BELIZE CITY – The penalty for the near-total destruction of one of the biggest Mayan pyramids in Belize -- which the government called "unforgivable" and left archaeologists speechless -- may leave conservationists speechless: just $5,000.
Police have launched an investigation and anyone found responsible could face five to 10 years in imprison, a fine of about $5,000 or both.
Bulldozers and backhoes have essentially destroyed one of Belize's largest Mayan pyramids, which survived millennia of storms, rain and wind only to succumb to a construction company seeking gravel for road fill.
Tuesday, May 14: The government said it is pursuing a "vigorous" investigation, calling the incident "callous, ignorant and unforgivable."
Monday, May 13: News of the destruction was uncovered by 7newsbelize.com, which showed the scene to horrified archaeologists.
To avoid the fee, fingers are frantically pointing in the Caribbean country, with the owner of De' Mar's Stone Co., the road-building company that has been blamed for the incident, saying the landowner gave him permission to extract the material.
Businessman Denny Grijalva said the landowner had allowed excavations on his property for more than a decade.
In 1998, then businessmen Alfredo Martinez extracted stones from the same area also to build a road. Martinez is now Belize's ambassador in neighboring Guatemala.
Archeologists in Belize and around the world expressed outrage at the demolition of the Nohmul complex in northern Belize to extract crushed rock.
Nohmul sat in the middle of a privately owned sugar cane field, and lacked the even stone sides frequently seen in reconstructed or better-preserved pyramids.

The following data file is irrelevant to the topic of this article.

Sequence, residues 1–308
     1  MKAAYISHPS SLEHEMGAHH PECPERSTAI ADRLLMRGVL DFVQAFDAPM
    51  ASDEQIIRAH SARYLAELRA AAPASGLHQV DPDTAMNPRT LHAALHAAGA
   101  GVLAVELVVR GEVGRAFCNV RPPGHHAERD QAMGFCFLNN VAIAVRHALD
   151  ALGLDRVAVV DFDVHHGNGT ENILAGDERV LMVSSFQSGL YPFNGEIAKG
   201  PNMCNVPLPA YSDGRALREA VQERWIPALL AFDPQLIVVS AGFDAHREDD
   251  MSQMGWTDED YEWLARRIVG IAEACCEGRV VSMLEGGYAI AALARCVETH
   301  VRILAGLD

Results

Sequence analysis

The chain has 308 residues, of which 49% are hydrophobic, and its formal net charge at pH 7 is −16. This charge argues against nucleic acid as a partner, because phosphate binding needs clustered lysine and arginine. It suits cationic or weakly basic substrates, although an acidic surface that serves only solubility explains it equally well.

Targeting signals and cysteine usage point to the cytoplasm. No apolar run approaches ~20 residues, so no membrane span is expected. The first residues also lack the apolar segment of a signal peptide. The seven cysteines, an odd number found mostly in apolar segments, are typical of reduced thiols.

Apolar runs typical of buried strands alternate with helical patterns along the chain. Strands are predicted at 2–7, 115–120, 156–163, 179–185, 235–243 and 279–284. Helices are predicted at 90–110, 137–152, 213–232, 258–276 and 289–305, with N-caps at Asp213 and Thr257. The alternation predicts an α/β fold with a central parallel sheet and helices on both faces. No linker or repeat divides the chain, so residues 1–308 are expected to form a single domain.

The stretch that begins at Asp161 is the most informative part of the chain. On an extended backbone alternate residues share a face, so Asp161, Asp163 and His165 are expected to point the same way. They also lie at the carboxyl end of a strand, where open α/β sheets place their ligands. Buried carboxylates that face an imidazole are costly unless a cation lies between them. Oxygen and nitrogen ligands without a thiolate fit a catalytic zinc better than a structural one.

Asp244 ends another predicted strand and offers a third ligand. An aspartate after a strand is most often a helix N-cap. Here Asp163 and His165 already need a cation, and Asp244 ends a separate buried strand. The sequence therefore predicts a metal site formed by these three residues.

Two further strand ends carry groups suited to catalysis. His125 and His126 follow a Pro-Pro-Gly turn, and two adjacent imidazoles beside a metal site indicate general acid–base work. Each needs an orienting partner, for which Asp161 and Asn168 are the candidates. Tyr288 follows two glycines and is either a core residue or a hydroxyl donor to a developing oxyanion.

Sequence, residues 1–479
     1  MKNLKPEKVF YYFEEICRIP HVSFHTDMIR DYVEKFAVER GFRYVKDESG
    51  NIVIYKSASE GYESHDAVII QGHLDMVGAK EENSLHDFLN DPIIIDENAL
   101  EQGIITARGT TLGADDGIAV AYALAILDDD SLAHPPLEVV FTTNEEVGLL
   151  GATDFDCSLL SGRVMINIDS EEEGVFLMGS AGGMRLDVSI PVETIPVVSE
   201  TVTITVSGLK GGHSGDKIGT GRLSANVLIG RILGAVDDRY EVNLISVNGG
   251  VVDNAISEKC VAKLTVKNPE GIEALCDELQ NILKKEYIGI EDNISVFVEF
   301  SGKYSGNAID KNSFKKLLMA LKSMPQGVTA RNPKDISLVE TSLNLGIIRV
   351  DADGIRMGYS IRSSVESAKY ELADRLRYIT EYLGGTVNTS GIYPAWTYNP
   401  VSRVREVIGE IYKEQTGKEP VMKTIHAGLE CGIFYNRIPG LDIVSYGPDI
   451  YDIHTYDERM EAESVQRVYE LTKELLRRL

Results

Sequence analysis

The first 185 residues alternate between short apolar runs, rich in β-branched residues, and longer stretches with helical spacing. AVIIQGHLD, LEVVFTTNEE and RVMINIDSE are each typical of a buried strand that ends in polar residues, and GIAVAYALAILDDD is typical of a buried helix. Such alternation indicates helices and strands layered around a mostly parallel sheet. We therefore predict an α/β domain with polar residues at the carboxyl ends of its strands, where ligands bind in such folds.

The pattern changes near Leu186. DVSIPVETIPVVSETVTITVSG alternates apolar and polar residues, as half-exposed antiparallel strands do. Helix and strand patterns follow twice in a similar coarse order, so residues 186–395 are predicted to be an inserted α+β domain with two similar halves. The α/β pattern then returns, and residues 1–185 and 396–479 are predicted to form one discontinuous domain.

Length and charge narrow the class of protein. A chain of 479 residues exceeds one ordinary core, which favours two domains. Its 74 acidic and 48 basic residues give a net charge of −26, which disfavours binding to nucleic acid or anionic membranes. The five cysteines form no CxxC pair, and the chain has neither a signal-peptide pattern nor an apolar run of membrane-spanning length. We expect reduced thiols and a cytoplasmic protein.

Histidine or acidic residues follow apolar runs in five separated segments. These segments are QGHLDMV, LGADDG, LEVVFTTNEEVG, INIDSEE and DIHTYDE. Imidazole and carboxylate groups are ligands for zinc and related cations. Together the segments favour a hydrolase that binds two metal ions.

The head of the Belize Institute of Archaeology, Jaime Awe, said the builders could not possibly have mistaken the pyramid mound, which is about 100 feet tall, for a natural hill because the ruins were well-known and the landscape there is naturally flat.
'I share the public's concern and indeed condemnation at the unfolding of this very unfortunate incident.'
- Denny Grijalva, owner of De' Mar's Stone Co.
Grijalva said in a statement that the foreman at his De' Mar's Stone Co. picked the pyramid mound for digging out rock after the chairman of Douglas Village, where his company was building and repairing roads, didn't like the material they first showed him.
Workers excavated all day last Thursday, Grijalva said. They stopped digging the next day after several officials from the National Institute of History and Culture instructed them to stop, he said.
"Recognizing that the buck stops at my desk, I share the public's concern and indeed condemnation at the unfolding of this very unfortunate incident," Grijalva said. "I am committed to fully cooperate with the authorities in their investigation into this regrettable incident."
The Associated Press contributed to this report.